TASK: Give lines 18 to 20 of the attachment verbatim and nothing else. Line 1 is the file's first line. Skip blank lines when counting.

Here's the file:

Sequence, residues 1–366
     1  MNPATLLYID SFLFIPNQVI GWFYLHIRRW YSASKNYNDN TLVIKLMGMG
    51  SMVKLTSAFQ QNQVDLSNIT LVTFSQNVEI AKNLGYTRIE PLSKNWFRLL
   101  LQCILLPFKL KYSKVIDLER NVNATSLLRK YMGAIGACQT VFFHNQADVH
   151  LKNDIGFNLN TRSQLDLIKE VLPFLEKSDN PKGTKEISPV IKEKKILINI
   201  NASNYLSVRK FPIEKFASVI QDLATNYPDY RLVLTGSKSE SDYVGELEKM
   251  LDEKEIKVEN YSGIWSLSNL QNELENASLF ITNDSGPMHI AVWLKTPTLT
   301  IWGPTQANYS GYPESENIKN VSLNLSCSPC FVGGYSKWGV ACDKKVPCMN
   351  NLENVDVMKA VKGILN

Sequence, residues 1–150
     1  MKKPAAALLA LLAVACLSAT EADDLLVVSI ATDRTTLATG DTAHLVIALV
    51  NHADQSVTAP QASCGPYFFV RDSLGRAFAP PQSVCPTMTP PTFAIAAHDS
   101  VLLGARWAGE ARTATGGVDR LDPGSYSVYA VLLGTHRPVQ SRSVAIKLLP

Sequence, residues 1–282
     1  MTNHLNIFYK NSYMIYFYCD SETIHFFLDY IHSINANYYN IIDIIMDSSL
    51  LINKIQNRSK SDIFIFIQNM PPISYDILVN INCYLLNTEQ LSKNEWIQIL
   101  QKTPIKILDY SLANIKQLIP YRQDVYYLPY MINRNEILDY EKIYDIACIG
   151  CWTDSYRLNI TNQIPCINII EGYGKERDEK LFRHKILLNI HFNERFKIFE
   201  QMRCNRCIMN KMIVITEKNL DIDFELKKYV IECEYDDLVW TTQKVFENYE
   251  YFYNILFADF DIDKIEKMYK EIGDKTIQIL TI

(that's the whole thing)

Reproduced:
   151  CWTDSYRLNI TNQIPCINII EGYGKERDEK LFRHKILLNI HFNERFKIFE
   201  QMRCNRCIMN KMIVITEKNL DIDFELKKYV IECEYDDLVW TTQKVFENYE
   251  YFYNILFADF DIDKIEKMYK EIGDKTIQIL TI